On first hearing Carnivorous Plant Society ’s Don’t Go Outside I felt transfixed by the performance, recorded live for RNZ in March. A seven-piece band packed the studio with vibraphone, keyboards, backing vocalists, guitar and a rhythm section. The performance was deliberate and assured, yet somehow vulnerable.
Music is both a strange and wonderful beast! While some tracks may take a few listens to warm to, other music is instantly appealing but tires quickly with repeated listening. Sometimes when you hear a track for the first time you simply just ‘get it’, giving weight to an intuition that you know not only the music but perhaps also a sense of the artists’ intentions in crafting the song. Of course it’s possible to be misguided in this regard, but nevertheless, the guessing game is still a fun path to travel, a journey of both focus and abandonment.
Carnivorous Plant Society have been described by some as an alternative cinematic band drawing from jazz and popular music, and leader Finn Scholes is on record as a composer who likes to craft unique songs that defy genre. In an RNZ piece, Scholes told the story of The Wolf Pack, subjects of a documentary by the same name.
“It’s about these boys that are kept inside their house by their somewhat psychotic father. So the male vocal is trying to not let the kids out, but then the kids [represented by female backing vocals] want to go out.”
Expanding on Scholes’ dysfunctional family theme, it is both easy and natural to spot musical devices that support the song’s semantics. This article aims to unpack the complex relationship between harmony, melody, rhythm and meaning.
Don’t Go Outside is built using a harmonic device called ‘constant structure’, utilising primarily non-diatonic chords of the same type (e.g. either major, minor or dominant). In this case, harmony is built entirely using major chords containing abrupt modulations between sections, and ambiguous key centres (each section starting on B Major – Ab Major – Db Major respectively), often descending in thirds. This is a listening surprise as the normative palette found in most contemporary music is well established to be diatonic chords derived from the major scale (e.g. Cmaj – Dm – Em – Fmaj – Gmaj – Am – Bdim). Although constant structure exists in popular music (think Black Hole Sun by Soundgarden or Nirvana’s Lithium), it is not commonplace.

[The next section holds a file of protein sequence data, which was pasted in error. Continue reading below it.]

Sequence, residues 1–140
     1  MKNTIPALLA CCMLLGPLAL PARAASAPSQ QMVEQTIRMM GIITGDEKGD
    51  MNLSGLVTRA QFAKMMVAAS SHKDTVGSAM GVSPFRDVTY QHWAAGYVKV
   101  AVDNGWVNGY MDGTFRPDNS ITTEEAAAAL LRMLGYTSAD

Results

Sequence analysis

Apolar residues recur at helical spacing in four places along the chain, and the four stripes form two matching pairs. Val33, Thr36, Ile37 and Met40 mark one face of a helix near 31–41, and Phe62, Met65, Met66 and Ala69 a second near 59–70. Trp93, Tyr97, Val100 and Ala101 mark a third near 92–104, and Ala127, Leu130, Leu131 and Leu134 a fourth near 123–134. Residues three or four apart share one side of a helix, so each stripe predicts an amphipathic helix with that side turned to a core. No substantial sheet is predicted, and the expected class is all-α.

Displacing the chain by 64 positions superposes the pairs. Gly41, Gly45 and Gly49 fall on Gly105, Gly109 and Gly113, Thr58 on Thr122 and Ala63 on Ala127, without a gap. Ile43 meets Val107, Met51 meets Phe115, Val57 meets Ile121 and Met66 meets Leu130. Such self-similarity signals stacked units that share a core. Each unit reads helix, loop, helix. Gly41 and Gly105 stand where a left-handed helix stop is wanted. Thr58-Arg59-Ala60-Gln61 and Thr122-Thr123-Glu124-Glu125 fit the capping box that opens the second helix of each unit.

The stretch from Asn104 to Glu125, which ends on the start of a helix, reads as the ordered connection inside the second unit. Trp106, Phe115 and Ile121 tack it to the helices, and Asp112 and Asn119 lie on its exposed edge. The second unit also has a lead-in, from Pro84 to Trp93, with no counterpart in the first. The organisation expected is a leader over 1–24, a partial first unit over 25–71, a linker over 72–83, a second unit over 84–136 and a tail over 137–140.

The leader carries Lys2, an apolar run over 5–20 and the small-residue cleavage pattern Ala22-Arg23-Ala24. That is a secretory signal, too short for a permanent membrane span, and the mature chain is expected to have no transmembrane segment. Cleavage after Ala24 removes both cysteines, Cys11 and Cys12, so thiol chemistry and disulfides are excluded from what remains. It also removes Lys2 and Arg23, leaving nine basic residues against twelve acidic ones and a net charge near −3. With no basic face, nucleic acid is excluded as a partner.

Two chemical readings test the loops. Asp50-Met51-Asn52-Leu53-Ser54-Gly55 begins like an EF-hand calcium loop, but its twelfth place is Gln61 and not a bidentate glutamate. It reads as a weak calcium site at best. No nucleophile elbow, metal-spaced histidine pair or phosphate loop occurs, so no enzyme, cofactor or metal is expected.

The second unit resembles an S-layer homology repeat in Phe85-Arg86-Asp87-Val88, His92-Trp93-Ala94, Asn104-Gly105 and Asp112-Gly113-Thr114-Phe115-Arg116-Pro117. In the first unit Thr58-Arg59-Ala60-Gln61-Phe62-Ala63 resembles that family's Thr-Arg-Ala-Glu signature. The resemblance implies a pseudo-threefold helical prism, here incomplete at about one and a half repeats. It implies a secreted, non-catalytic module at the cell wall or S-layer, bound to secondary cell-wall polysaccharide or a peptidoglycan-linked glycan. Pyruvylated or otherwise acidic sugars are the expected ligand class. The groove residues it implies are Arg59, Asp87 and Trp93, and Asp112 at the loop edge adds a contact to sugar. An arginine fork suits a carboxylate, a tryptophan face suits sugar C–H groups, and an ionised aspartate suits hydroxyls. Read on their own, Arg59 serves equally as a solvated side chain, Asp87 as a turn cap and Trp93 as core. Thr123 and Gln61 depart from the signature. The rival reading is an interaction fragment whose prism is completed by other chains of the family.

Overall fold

The melody of Don’t Go Outside is composed using thirds, fifths and the occasional #11th, a combination of warm tones, neutral tones, and bright tones as described in websites such as Holistic Songwriting.
The melody that represents the psychotic father (the A section) is slow but syncopated, and largely horizontal and conjunct. Contrastingly at the B section, the children (represented by the female singers) sing a more agitated and rhythmically dense melody, suffixed with a jilted choral laughter which is particularly haunting; connotations include repressed desire to escape (the children) and an uneasy moroseness (father). Contrast between the syncopated male melodic line and a straight and relaxed groove by bass and drums (bassline played by both vibraphone and bass) add to this feeling.
At 2min 25s, the rhythm section drops out. This is poignant as the children have left by this time, so the lyrics, ‘It’s cold in here’ are represented by both a lack of accompaniment and an ambiguous time feel.
The mood of this track is quirky, its oddness supported by musical accompaniment using many well-crafted surprises, including but not limited to a false ending and unusual harmonic choices. Even the ending of the song simply fades.
In the book Sweet Anticipation, academic David Huron states, “The phenomenon of ‘surprise’ represents a failure of expectation. From a biological perspective, surprise is always a bad thing. Even when the surprising outcome turns out to be good, failing to anticipate the outcome means that the brain has failed to provide useful information about possible futures. Predictive failures are therefore caused for biological alarm. If an animal is to be prepared for the future, the best surprise is no surprise.” (Sweet Anticipation, Huron, 2006).
However, alarm created from predictive failures in music helps to draw listeners in, like an emotional amplifier or focus. From a phenomenological perspective, my lived experience of Don’t Go Outside after a hermeneutical epiphany is quite different from my initial listen – the variation in tonality and harmonic movement has more significance, and the lyrics far more sobering.
It ’s always difficult to summarise the essence of what makes a great track. Even analytical tools are reductive, crude and subjective at best. In the case of Don’t Go Outside, one might argue that it has a semantic depth caused by the denotations of musical elements described above, that represent the connotations of the meaning in the song.
A slow relaxed but persistent rhythmical groove could represent the moroseness of the father combined with a syncopated melodic line ‘lost’ from the reality of his surrounding family environment. It could be said that the children, represented by innocent-sounding female voices, coupled with agitated and forced melodies create a sense of musical irony from a desire to escape (if only they could allow themselves hope).
One could just as easily argue that it is a great track because Carnivorous Plant Society are musicians who know how to capture some of what it means to be human – innocence, suffering, empathy and hope.
Dr Mark Baynes is Programme Manager for the Bachelor of Musical Arts degree at MAINZ, Auckland; a degree program that fosters students’ ability to find their own musical voice, culminating with the creation of a capstone project such as an album, film score or music for game audio. For more information visit www.mainz.ac.nz